The Five C’s of High-Functioning Boards
By Dale West, Vice President, SmithBucklin
Developing and sustaining a high-functioning board is the key to long-term organizational success. Over the course of my career working with associations, I’ve found that there are five components that are a common thread among effective association boards: Composition, Clarity, Cohesiveness, Conflict and Consciousness. This article will explore these five C’s through specific examples of high-functioning boards that, despite encountering challenges, have achieved and maintained success.
This is about striking a balance between too few and too many board members, and paying acute attention to leadership appointments. Having the right number of people on the board, the right individuals in each position and the right process for nomination in place are the most critical aspects of efficient board composition.
Culture vs. habit
An association in the nursing industry experienced composition challenges as board members routinely advanced from one leadership position to another without determining if each role was even suited for them — secretary became treasurer, treasurer became vice president, and so forth. To ensure these positions were filled by the most qualified candidate, the association had to combat the culture of entitlement (board members expecting titles they hadn’t necessarily earned) and the habit of filling positions the way they always had been filled (based on tenure and not talent). As a solution, the association developed and put in place a formal nominating committee to interview and slate board members for each position. This has allowed the organization to put the right person in the right position at the right time.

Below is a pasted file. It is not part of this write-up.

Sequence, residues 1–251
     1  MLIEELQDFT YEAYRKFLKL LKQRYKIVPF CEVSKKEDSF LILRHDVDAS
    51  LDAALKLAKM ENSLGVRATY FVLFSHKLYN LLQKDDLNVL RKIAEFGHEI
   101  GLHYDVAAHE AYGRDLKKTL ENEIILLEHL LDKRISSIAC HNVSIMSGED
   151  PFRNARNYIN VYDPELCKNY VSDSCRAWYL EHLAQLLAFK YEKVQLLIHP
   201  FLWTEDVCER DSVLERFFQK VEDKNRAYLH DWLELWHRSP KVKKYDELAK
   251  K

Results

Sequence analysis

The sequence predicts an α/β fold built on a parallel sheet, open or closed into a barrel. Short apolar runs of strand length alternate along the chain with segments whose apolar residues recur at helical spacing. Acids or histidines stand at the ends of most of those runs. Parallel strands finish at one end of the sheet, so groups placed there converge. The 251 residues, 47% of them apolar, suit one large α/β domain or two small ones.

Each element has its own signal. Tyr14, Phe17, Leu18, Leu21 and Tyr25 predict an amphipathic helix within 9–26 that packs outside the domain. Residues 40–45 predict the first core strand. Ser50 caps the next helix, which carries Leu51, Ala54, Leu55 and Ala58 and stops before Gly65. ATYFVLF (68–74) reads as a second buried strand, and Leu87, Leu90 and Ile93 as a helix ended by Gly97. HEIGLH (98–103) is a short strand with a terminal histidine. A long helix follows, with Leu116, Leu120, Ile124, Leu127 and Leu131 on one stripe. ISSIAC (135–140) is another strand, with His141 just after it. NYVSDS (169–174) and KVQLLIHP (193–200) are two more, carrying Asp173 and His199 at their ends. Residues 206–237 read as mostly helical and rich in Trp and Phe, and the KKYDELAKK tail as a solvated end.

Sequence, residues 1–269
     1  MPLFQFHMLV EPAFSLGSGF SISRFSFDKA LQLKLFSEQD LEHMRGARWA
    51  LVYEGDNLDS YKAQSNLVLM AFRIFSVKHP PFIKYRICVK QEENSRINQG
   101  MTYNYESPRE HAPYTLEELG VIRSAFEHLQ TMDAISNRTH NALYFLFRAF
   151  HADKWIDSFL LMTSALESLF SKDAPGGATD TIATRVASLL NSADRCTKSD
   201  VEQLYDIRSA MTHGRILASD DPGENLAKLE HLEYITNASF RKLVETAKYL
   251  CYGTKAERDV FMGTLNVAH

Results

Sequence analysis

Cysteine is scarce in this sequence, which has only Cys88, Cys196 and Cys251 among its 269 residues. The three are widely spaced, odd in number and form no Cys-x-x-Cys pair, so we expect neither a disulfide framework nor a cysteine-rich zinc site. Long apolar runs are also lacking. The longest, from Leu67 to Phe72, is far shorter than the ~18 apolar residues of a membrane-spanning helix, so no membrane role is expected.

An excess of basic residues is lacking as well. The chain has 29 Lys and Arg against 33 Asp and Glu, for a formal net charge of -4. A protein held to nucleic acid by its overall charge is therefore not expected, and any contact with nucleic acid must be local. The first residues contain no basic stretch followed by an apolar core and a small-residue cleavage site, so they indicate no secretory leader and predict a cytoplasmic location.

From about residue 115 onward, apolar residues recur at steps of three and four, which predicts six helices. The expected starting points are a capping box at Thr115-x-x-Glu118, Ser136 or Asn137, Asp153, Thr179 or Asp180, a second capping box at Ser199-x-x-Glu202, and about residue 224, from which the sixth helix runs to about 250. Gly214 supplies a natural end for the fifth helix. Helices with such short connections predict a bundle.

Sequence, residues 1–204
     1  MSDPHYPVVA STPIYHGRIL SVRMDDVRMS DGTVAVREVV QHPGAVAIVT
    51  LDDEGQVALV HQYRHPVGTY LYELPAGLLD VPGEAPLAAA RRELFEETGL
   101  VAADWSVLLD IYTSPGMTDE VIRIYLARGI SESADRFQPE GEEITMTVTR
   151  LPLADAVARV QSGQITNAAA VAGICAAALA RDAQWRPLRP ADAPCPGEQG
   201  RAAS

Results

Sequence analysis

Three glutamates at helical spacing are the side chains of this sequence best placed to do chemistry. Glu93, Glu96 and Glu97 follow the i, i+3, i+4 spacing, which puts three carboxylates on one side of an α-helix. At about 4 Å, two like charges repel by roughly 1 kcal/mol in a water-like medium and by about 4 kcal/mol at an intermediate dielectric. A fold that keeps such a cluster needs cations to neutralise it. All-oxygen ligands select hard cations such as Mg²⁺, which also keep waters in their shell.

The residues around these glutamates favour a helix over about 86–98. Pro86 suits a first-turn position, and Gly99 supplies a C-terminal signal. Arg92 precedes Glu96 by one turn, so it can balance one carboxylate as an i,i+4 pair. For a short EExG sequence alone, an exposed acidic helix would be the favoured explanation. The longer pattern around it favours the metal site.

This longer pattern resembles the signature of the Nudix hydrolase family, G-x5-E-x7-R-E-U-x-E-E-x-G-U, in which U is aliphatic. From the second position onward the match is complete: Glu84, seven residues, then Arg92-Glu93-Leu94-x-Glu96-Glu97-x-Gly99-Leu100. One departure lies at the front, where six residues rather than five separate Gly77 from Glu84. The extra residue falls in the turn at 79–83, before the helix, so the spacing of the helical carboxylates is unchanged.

This involves understanding governing documents, policies, roles, protocols and expectations, as clarity in these areas fosters productivity.
Stay in your lane
An association in the medical field successfully overcame issues of clarity in an effort to make sure that, much like swimmers staying in their lanes in the lap pool, all board members understood and adhered to their specific roles. The challenge began when multiple board members were attempting to manage the organization’s accreditation programs. Realizing that managing the process wasn’t a board function, the association tapped into the insight of an impartial volunteer not on the board to provide fresh perspective and a proposal of how to restructure the accreditation committee. As a result, a chart was created detailing precisely who could and could not get involved with the accreditation programs. The association also outlined the responsibilities exclusive to board members and other volunteers, and the protocol for selecting an accreditation company. The board reviews this chart every year to ensure that it remains relevant and effective. These changes helped make the process clear to all and resulted in the avoidance of conflict.
While respectful of individual opinions and open to dialogue, a cohesive board stands and speaks as one unified body.
No stone unturned
A technology user group — which operates like an association and brings together individuals with similar interests in technology — has found success by going around the table at the end of every board meeting to ask all present to share their thoughts on any of the content that was just discussed. This process creates an atmosphere where everyone has a chance to speak up when they may not have done so otherwise. Because thinking doesn’t stop once board members leave the board room, the organization also sends a survey after the meeting to allow for additional insight to be shared.